Lupin Pharmaceuticals has recalled two batches of the oral birth control Tydemy due to reduced effectiveness that may result in unexpected pregnancies for users.
The FDA said that the pills were voluntarily recalled after manufacturers realized that the oral contraception contained a decreased level of ascorbic acid, an ingredient in the product, and high levels of a “known impurity.”
The company said the low levels of ascorbic acid “could potentially impact the effectiveness of the product which could potentially result in unexpected pregnancy.” However, the FDA noted that they have not received any reports of “adverse events related to using this product.”
The recalled batches of the Tydemy pills, a combination prescription contraceptive of estrogen and progestin, are lots L200183 and L201560 and were distributed by pharmacies across the U.S. from June 3, 2022, to May 31, 2023. Consumers can find the lot number on the side of the label.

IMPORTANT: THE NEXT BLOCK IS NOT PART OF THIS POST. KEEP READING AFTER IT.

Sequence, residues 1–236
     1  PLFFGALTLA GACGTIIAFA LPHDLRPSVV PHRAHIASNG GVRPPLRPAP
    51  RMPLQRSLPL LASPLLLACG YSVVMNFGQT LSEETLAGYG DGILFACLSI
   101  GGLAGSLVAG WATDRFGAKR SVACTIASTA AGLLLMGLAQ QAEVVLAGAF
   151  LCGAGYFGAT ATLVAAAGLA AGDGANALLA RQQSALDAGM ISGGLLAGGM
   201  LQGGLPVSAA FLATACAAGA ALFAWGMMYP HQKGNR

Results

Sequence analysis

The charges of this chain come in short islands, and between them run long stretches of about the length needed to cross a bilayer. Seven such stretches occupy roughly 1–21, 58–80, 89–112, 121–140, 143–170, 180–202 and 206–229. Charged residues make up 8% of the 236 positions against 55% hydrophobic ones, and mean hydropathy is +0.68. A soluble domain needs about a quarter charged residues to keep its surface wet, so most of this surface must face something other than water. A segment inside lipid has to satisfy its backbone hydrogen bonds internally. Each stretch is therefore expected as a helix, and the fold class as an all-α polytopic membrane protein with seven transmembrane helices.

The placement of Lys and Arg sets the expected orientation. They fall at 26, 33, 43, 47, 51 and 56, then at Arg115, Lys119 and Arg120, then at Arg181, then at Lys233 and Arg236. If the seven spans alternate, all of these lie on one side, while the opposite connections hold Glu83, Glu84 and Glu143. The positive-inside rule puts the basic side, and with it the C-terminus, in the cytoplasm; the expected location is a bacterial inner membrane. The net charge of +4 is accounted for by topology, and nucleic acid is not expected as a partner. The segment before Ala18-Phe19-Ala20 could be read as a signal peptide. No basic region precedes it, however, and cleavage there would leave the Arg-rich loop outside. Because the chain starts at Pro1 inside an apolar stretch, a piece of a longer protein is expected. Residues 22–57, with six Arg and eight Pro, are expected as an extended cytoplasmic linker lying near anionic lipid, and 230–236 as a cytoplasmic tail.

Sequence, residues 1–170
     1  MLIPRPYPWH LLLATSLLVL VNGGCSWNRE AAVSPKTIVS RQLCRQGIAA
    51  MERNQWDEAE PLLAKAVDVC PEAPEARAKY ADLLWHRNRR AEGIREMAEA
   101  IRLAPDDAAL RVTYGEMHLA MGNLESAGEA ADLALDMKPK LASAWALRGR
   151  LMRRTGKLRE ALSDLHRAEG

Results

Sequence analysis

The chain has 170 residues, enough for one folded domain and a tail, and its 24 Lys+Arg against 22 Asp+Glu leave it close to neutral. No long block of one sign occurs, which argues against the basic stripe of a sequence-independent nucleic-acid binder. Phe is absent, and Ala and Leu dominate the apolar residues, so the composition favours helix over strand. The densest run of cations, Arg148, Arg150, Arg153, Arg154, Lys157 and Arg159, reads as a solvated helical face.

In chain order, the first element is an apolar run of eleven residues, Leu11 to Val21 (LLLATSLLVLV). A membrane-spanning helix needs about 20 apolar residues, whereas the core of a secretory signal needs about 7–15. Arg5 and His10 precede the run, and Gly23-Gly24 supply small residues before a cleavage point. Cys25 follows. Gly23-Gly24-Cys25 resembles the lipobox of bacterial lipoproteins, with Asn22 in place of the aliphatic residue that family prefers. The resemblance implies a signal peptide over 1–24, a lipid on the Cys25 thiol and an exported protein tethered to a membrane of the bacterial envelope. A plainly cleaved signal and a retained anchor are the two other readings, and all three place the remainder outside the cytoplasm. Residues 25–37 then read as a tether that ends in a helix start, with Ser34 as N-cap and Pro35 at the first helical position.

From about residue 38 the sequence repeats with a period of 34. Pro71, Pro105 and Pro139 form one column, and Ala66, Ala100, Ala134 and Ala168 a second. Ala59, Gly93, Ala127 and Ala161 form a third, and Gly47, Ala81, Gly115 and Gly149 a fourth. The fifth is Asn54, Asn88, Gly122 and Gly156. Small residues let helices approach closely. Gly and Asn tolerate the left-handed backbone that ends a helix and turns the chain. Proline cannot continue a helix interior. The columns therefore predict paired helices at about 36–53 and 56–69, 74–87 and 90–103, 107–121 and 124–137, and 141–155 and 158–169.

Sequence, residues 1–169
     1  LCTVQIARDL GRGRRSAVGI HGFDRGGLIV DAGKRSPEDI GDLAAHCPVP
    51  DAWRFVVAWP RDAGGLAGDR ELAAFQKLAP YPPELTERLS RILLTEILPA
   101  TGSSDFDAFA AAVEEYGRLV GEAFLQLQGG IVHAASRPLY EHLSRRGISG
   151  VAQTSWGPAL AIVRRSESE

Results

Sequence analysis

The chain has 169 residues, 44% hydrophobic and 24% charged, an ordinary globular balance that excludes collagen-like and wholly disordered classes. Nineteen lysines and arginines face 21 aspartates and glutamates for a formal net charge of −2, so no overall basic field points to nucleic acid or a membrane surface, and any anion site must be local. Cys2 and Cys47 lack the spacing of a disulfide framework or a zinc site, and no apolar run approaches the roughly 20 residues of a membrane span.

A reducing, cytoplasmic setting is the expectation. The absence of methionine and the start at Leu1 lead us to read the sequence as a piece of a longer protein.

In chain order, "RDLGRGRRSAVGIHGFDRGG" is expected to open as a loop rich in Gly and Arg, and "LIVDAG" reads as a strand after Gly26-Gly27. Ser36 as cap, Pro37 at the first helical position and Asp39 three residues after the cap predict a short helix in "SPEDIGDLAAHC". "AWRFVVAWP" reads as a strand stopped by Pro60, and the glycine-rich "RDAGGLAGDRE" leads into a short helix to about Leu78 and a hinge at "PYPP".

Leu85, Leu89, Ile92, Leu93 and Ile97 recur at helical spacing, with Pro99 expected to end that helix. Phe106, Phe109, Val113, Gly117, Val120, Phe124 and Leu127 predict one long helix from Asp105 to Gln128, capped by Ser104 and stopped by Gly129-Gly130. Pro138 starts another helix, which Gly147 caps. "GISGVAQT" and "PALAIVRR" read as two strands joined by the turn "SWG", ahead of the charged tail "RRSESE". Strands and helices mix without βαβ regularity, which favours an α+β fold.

According to the FDA, a total of 4,179 boxes of the oral birth control have been recalled.
People who are currently taking recalled lots of the drugs are urged to continue taking their pills but immediately seek out an alternative from their doctor.
This is not Lupin Pharmaceuticals’ first voluntary recall.
In December of last year, Lupin recalled one batch of 20-milligram Quinapril Tablets USP and three batches of 40-milligram Quinapril Tablets USP due to the potential presence of a nitrosamine impurity.